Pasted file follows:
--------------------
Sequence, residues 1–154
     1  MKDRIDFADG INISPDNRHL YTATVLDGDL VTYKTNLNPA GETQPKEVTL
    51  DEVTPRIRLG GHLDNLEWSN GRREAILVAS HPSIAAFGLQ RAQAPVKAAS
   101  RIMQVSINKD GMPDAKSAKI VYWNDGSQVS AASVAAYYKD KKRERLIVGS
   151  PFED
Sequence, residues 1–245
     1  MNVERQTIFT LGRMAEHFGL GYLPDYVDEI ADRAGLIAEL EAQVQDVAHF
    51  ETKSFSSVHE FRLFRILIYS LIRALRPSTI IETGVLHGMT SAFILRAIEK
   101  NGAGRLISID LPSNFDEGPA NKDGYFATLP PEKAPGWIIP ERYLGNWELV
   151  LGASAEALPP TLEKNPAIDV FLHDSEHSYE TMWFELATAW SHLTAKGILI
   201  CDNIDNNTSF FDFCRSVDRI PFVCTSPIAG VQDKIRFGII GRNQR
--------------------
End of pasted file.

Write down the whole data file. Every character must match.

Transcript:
Sequence, residues 1–154
     1  MKDRIDFADG INISPDNRHL YTATVLDGDL VTYKTNLNPA GETQPKEVTL
    51  DEVTPRIRLG GHLDNLEWSN GRREAILVAS HPSIAAFGLQ RAQAPVKAAS
   101  RIMQVSINKD GMPDAKSAKI VYWNDGSQVS AASVAAYYKD KKRERLIVGS
   151  PFED
Sequence, residues 1–245
     1  MNVERQTIFT LGRMAEHFGL GYLPDYVDEI ADRAGLIAEL EAQVQDVAHF
    51  ETKSFSSVHE FRLFRILIYS LIRALRPSTI IETGVLHGMT SAFILRAIEK
   101  NGAGRLISID LPSNFDEGPA NKDGYFATLP PEKAPGWIIP ERYLGNWELV
   151  LGASAEALPP TLEKNPAIDV FLHDSEHSYE TMWFELATAW SHLTAKGILI
   201  CDNIDNNTSF FDFCRSVDRI PFVCTSPIAG VQDKIRFGII GRNQR